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I have two encryption schemes $\Pi_0, \Pi_1$, at least one of them is IND-CPA secure but I don't know which one. The task is to construct a scheme $\Pi$ that is guaranteed to be CPA secure and to provide a proof for this.

Despite reading q1, q2 I still don't understand the best way to construct the scheme and how to fully prove its security.

Any ideas or hints into the right direction are appreciated!

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  • $\begingroup$ Encrypt the message using an OTP. Encrypt the (OTP-)ciphertext using $\Pi_0$ and the (OTP-)key using $\Pi_1$. $\endgroup$ – SEJPM Dec 22 '15 at 20:28
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The first remark is that the cryptosystems are used with independent keys. This is important, otherwise it is usually very hard to prove anything.

The simple solution

Now, the simple solution is, as is mentioned in the comment and the linked question, is to secret-share your message into two shares and encrypt each share separately. The final ciphertext consists of these two ciphertexts. (This can also be phrased in terms of a "one-time-pad" encryption, but it is better to think about it as a secret sharing, since it is then trivial to generalize to the case where you have more than two cryptosystems.)

The proof strategy is straight-forward. In order to learn anything about the message, an adversary needs (the same parts of) both shares. If at least one of the cryptosystems are IND-CPA-secure, the adversary can learn nothing about at least one of the shares. IND-CPA-security follows.

A proof based on games would probably first use real-or-random (RoR-CPA, equivalent to IND-CPA) for the secure encryption scheme to encrypt a random string instead of the secret share. Once this is done, the properties of the secret sharing guarantees that the adversary cannot learn anything about the message.

As for secret sharing, the simplest is usually the best. If your message is $m$, choose a random string $r$ of the same length. The random string is your first share. Then compute the xor of $m$ and $r$, this is the second share. (This generalizes to more shares in the obvious way by choosing more random strings.)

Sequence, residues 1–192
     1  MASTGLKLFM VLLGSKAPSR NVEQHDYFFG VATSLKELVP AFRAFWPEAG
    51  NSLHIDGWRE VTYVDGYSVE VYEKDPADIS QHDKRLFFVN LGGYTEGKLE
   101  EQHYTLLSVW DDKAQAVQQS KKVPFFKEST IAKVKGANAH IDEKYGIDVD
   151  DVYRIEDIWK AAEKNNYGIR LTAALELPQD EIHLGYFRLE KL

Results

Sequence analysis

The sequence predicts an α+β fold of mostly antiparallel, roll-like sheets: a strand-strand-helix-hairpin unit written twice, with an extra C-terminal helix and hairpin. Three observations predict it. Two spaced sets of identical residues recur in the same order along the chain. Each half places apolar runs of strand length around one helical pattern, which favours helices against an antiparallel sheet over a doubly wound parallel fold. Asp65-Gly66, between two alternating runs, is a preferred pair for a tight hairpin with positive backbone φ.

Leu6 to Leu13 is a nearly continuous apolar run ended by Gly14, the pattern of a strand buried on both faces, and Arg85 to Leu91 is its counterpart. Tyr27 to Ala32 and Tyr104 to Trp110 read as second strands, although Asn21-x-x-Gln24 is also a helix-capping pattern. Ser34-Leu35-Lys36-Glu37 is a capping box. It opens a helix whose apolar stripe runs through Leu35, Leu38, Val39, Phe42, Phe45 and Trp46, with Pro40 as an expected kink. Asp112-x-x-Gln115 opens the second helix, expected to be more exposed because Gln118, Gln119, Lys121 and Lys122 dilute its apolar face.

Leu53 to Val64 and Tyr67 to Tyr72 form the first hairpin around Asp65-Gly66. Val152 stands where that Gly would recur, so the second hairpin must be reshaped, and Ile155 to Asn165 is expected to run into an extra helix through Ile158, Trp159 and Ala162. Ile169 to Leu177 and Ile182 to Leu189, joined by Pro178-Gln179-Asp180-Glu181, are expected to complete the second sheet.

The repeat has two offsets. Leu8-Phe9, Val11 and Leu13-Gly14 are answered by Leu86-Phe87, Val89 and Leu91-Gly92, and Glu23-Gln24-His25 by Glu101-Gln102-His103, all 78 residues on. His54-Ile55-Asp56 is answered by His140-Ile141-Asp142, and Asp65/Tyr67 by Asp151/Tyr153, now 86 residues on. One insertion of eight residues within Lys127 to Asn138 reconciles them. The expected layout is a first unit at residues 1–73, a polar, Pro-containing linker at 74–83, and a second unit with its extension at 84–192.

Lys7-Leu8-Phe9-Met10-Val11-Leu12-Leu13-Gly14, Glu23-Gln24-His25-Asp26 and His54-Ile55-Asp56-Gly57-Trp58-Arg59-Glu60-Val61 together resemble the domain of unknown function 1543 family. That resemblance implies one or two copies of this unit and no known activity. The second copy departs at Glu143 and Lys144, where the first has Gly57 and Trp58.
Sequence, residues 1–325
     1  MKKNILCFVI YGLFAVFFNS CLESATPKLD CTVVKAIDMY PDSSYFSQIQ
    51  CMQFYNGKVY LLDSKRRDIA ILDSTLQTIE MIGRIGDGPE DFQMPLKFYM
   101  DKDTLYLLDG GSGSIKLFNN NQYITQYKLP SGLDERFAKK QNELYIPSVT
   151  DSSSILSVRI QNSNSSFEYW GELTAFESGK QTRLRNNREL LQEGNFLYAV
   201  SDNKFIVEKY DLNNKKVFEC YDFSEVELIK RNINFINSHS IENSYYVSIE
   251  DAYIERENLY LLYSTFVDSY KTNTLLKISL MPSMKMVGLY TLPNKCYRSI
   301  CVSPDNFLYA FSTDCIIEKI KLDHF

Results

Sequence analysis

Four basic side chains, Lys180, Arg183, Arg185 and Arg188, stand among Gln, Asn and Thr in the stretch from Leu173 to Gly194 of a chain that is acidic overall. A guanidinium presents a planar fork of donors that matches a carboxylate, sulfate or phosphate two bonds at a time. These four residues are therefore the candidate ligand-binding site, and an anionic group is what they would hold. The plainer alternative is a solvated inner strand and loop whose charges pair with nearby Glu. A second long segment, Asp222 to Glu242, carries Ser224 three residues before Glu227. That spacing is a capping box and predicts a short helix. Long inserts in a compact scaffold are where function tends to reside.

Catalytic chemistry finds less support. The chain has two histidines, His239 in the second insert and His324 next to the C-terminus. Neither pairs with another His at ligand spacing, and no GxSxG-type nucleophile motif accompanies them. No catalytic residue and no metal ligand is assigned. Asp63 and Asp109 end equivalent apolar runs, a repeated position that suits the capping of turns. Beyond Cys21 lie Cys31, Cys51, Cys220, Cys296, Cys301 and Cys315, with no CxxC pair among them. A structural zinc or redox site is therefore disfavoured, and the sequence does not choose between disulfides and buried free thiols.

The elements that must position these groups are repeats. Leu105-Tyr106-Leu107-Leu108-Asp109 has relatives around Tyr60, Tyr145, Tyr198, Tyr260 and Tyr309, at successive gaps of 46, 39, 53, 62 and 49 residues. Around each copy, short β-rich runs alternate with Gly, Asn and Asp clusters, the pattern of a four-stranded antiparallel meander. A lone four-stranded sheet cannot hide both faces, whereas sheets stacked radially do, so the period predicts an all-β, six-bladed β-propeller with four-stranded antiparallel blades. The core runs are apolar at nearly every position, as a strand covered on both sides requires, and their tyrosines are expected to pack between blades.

Composition

A more complicated thing happens if you try to compose the cryptosystems in the sense that you first encrypt the message with one system, and then encrypt the resulting ciphertext with the other system.

If you encrypt with the secure system first (the importance of being first!), everything is ok. Anything the second encryption does, an adversary could have done, so the second encryption cannot destroy the secure inner encryption.

What about if you encrypt with an insecure system first? The intuition is that the outer system (which is now secure) should hide the insecure ciphertext, which would then make the composition secure. But this is not true, and the problem with your intuition is that a cryptosystem hides the message only up to message length. What can happen is that the insecure cryptosystem produces ciphertexts whose length depends on the message. That length (which contains information about the message) can leak through the secure cryptosystem and result in an insecure construction.

However, if you restrict your attention to some sort of "length-preserving" cryptosystems, where the ciphertext length is a function of the message length only, not on the exact content of the message, then your intution should work again.

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  • $\begingroup$ Could you explain what's meant by "secret-share your message into two shares and encrypt each share separately"? Do I split the message into two halves and encrypt one of them using $\Pi_0$ and the other using $\Pi_1$ (with a separate key for each scheme)? And what do I do with the result? XOR? $\endgroup$ – Lemon Dec 23 '15 at 10:58
  • $\begingroup$ I have added some text to the answer. Is it clear now? $\endgroup$ – K.G. Dec 23 '15 at 18:46
  • $\begingroup$ So I choose $s_0$ being as long as the message and compute $s_1 = m \oplus r$. Then I encrypt $c_0 = \Pi_0(s_0), c_1 = \Pi_1(s_1)$. So the ciphertext is given by the set [c_0, c_1]? And before doing all that I need to choose two random keys, correct? I think I get the general idea (if the above is correct), but I still don't know how to formally proof that the scheme is IND-CPA secure. $\endgroup$ – Lemon Dec 24 '15 at 12:36
  • $\begingroup$ So you understand how the construction works. Do you know how security proofs work in general? $\endgroup$ – K.G. Dec 24 '15 at 14:01
  • $\begingroup$ In general I would do a proof by contraposition. So in this case I could try to show that if an attacker could break the whole scheme, he could also break the IND-CPA security of the secure inner scheme. Am I on the right track? $\endgroup$ – Lemon Dec 25 '15 at 16:18

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